Virgin Australia plans to reclaim full ownership of its Velocity Frequent Flyer scheme by purchasing the 35% stake of Affinity Equity Partners, which bought into the program in 2014 for A$335 million but is now looking to offload its share.
The airline has confirmed that discussions are underway for what would be an A$700 million transaction, which would see Velocity valued in total at around A$2 billion.
In a statement issued to the Australian Stock Exchange, the airline said "The Group confirms that it has entered into a term sheet with Affinity to buy back its 35% minority investment for $700 million. Completion of the transaction is expected to occur before the end of 2019."
Earlier speculation circled around a potential IPO plan under which Velocity would be spun out with that A$2 billion valuation, allowing Affinity to cash out while also tempting Virgin Australia with a fast fund-raiser by selling down its own 65% shareholding, although Virgin Australia CEO Paul Scurrah had previously affirmed that the airline would seek to retain majority control of its loyalty scheme.
A full buy-back would demonstrate Scurrah's confidence in the longer-term proposition for Virgin Australia and growing Velocity as part of that future. Loyalty programs are usually a pillar of strength for airlines – in the 2018-2019 financial year Velocity reported pre-tax earnings of A$122.2 million (up 12% over the previous year).
Velocity members were also wary of sell-off plans, fearing that the program's core benefits – especially when it comes to the earn-and-burn equation and redeeming points for seats – might slowly be watered down by non-airline stakeholders.
However, on the back of Virgin's posted $315 million loss for the 2018-2019 financial year – and having returned seven straight years of losses adding up to $1.9 billion – attention will turn to how this $700m re-purchase will be funded.
"Major strategic investors in Virgin – Singapore Airlines , Etihad Airways, HNA Group, Nanshan Group and Richard Branson’s Virgin Group – have baulked at providing more capital since an equity raising in 2016, seven current and former Virgin managers have said," notes Reuters' chief aviation correspondent Jamie Freed.
That said, "credit ratings agencies Standard & Poor’s and Moody’s said the airline, which lacks an investment grade rating, should be able to fund the deal."
“Even if you assume 100% debt, we still believe they have the balance sheet capacity to do the buy back,” suggested S&P analyst Graeme Ferguson.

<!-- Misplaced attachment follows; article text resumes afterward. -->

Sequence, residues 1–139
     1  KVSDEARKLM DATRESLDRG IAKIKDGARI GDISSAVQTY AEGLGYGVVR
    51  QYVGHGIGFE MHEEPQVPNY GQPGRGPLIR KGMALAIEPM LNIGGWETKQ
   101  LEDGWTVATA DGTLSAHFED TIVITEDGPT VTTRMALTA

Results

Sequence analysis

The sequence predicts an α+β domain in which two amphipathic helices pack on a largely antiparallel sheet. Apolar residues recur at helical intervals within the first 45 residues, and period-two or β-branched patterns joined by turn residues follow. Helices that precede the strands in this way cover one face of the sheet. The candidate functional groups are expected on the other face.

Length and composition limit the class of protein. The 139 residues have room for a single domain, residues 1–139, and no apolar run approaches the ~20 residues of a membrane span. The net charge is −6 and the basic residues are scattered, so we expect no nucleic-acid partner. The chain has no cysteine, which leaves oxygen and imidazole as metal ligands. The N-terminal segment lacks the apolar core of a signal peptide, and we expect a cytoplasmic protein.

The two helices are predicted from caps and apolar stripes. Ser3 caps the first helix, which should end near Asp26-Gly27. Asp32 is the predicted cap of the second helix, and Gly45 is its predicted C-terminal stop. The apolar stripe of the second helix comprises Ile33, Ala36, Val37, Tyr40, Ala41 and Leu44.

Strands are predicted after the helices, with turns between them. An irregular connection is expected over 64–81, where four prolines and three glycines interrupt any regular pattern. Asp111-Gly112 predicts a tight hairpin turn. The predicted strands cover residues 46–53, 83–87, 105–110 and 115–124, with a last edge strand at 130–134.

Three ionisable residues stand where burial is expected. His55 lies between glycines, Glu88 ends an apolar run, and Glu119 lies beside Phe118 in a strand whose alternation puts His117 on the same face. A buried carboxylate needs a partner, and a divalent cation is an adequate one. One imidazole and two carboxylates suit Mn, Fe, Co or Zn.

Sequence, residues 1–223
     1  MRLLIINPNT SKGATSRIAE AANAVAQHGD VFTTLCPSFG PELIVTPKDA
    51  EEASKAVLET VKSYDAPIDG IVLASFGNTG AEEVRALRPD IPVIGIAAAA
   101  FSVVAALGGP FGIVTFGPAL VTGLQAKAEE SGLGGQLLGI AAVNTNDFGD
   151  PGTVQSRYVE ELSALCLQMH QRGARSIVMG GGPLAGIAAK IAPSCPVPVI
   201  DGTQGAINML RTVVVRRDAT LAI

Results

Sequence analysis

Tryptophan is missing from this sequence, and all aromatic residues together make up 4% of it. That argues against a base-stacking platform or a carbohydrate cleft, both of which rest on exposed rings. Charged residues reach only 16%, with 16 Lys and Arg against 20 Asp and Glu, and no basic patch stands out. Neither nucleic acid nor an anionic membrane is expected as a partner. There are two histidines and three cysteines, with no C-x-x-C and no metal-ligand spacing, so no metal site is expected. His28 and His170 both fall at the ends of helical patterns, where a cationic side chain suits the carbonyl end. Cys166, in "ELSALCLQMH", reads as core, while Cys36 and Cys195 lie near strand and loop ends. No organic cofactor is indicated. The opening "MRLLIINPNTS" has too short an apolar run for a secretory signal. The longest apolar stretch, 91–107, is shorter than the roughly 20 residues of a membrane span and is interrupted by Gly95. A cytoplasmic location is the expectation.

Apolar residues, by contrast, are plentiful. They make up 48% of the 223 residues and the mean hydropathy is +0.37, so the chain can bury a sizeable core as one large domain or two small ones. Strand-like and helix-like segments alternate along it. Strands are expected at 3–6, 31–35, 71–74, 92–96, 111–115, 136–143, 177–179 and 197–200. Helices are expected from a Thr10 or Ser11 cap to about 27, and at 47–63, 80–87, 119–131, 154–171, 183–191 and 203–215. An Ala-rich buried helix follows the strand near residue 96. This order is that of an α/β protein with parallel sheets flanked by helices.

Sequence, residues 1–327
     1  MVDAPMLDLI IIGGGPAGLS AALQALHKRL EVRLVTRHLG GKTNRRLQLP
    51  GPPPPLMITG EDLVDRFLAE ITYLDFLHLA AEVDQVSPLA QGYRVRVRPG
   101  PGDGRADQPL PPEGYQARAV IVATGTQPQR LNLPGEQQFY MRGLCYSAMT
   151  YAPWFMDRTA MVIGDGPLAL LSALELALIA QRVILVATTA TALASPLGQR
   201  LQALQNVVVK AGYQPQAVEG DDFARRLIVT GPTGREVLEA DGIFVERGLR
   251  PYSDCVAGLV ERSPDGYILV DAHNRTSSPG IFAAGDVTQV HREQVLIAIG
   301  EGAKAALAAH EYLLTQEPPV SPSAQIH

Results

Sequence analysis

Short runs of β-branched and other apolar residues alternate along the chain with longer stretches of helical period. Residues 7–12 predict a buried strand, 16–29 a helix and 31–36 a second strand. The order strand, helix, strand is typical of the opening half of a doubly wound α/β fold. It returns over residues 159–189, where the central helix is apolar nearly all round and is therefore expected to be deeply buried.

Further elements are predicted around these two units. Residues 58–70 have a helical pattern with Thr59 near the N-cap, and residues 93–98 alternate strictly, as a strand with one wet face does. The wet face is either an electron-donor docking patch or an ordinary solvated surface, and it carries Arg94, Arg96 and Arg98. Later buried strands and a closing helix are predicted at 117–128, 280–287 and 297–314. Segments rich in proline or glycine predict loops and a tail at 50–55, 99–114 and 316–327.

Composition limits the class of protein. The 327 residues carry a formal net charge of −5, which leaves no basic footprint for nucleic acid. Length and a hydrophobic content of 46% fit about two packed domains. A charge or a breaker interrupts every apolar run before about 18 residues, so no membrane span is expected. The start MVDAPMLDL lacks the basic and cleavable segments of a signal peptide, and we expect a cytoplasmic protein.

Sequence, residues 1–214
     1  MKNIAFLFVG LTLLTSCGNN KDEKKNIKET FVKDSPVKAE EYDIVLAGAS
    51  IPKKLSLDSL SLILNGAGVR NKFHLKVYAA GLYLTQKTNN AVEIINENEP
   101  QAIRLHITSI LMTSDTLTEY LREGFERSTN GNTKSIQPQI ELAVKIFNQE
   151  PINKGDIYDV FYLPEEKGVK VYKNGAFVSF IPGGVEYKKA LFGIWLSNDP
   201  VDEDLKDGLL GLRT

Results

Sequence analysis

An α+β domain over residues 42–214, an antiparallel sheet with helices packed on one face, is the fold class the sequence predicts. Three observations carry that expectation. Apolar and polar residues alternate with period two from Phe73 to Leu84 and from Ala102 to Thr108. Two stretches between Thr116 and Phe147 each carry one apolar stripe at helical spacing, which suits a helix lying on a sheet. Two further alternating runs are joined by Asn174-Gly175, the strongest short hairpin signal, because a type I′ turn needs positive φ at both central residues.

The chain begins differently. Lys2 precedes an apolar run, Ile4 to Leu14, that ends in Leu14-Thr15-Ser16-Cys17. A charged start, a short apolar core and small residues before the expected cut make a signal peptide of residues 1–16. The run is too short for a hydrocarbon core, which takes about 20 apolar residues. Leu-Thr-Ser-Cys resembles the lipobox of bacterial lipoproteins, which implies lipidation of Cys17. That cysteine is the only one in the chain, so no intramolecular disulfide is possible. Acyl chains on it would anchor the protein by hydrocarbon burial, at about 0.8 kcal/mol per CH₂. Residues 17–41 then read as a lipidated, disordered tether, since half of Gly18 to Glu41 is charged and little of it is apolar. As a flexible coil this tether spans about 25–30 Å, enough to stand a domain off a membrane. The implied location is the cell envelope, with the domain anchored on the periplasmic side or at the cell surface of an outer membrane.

PREVIOUS [May 14, 2019] Virgin Australia could spin out and sell its Velocity Frequent Flyer program, which competes with Qantas Frequent Flyer for the hearts and wallets of Australian travellers.
The loyalty program is estimated to be worth several billion dollars to the right buyer, according to The Australian Financial Review, with that money being a welcome injection into the coffers of the parent airline.
Virgin Australia holds a 65% stake in the Velocity loyalty scheme, following the acquisition of a 35% stake by Asia-based private equity firm Affinity Equity Partners in 2014 for $336 million.
Analysts expect Velocity Frequent Flyer will report around $120 million in pre-tax earnings for the 2019 financial year, with AFR reporting that Velocity "could be worth 15 to 20-times earnings" depending on "the strength of Velocity Frequent Flyer's long-term contracts with its parent, Virgin Australia."
Recently-appointed Virgin Australia CEO Paul Scurrah "is said to have hit the ground running and is looking for ways to shore up Virgin Australia's profitability and funding position," according to the AFR, which describes Velocity Frequent Flyer as "arguably the stand-out asset in Virgin Australia's portfolio."
Virgin Australia is expected to count around $70 million in pre-tax earnings for the 2019 financial year.
Approached by Australian Business Traveller, the airline declined to comment on the potential sale of its frequent flyer program, other than describing the AFR report as “media speculation”.
For context, Qantas considered selling off its 'river of gold' frequent flyer program in 2013-2014 as the airline struggled against strong financial headwinds, leading up to a dramatic loss of $2.83 billion over the 2013-2014 financial year.
At the time, analysts valued the Qantas Loyalty division as high as $3 billion – making it worth significantly more than the airline itself.
However, selling the business was eventually seen as a quick-fix solution to bolster the balance sheet in the short term, at the cost of undermining the airline as a whole over the longer term.
"After careful consideration our judgement was that Qantas Loyalty continued to offer major profitable growth opportunities, and there was insufficient justification for a partial sale" Qantas CEO Alan Joyce said at the time.
In the 2018 financial year, Qantas Loyalty tipped $372 million into the airline's record $1.6 billion pre-tax earning, contributing almost as much as Qantas' entire international operation.